Now, we have had mandatory spending for hospital training, again, since 1965. All this bill would do would be to take it away from community-based health centers where we know there is a shortage. The statistics show, if you have doctors who do their residencies or residency programs through community-based centers, they are more likely to go back there and practice, whether they be pediatricians, whether they be in family practice, whether they be in internal medicine. That's where we need the growth and to have primary care physicians. This is a direct attack on health care in our own country.

Why wouldn't we want it mandatory for community-based facilities if it's already mandatory for hospital-trained physicians? We need physicians in the community, not just in the hospitals.

Mr. Chairman, I yield back the balance of my time.

Mr. GUTHRIE. Again, Mr. Chairman, it is important that we have an adequate supply of primary care physicians, and it is important public policy for this country. It is important that we also have oversight and control over the budget in the way the money is spent, and we do that through the appropriations process.

I just want to point out, in the last Congress, there was great effort in putting together the health care bill. When we passed out of this Congress the House-passed version, this was an authorized ``subject to appropriations'' section of the bill. I know it has been described as being against health care throughout the country, but that was the way, through much debate, it passed out of this House of Representatives. It treats it similarly to hospital-based education in primary care and to children's hospital-based. It puts it on an equal footing with nurses' programs, nurse practitioner programs and other programs, which we all agree have shortages. We need more people in those fields.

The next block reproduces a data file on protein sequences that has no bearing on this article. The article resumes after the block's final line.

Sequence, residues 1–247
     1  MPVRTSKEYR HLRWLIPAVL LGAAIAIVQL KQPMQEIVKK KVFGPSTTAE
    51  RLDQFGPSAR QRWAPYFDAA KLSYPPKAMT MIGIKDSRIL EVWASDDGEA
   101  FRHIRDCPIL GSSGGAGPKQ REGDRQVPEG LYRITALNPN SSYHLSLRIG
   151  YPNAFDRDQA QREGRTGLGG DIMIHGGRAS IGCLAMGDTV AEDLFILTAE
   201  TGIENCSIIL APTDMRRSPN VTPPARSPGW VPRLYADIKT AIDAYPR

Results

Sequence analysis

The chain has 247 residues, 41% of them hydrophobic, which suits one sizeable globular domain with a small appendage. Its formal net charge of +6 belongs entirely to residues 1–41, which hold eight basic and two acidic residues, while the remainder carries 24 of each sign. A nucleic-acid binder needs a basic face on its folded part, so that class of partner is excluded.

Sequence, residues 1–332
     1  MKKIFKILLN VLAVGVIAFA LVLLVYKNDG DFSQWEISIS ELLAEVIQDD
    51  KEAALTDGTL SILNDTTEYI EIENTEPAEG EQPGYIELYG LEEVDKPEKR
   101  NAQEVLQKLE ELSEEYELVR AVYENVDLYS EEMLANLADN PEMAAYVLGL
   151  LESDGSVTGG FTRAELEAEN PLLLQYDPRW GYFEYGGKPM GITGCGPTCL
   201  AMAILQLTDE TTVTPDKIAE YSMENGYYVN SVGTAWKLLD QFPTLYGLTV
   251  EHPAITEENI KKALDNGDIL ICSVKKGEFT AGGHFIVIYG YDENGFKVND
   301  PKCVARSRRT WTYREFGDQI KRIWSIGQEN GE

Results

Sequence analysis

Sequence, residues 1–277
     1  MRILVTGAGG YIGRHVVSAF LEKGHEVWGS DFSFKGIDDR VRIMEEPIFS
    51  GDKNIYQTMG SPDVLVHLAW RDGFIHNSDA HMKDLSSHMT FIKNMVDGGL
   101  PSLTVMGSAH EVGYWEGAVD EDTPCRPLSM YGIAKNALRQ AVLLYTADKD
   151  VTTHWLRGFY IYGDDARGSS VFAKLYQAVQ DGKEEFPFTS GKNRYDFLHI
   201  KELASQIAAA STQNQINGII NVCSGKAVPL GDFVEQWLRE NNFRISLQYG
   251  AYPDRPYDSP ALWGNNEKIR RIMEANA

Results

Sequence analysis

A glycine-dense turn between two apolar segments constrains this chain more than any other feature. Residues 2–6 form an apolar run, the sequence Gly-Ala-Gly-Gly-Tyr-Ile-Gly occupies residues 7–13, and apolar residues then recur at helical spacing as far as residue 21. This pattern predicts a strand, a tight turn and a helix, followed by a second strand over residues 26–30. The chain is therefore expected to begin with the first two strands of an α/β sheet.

I just want to reiterate that this does not eliminate the program. It authorizes it. It changes it from a direct appropriation to an authorized appropriation through the regular appropriations process.

* [Begin Insert]

Mr. DINGELL. Mr. Chair, I rise today in strong opposition to H.R. 1216. As a declining number of physicians in our Nation are entering into primary care fields, my colleagues on the other side of the aisle are working to pass legislation that will irresponsibly impede critical training of the next generation of primary care physicians.

A primary care physician shortage is a very real and alarming problem looming before us. The Association of American Medical College's Center for Workforce Studies anticipates a shortage of 45,000 primary care physicians and a shortage of 46,000 surgeons and medical specialists in the next decade.

Since 1965, the Medicare Graduate Medical Education program, which has been supported by mandatory funding, has trained the majority of resident trainees across the country in a hospital-based setting. The Teaching Health Center program is the first medical graduate program of its kind to allow future physicians in primary care fields to train in the actual setting they will be practicing in--community-based health centers.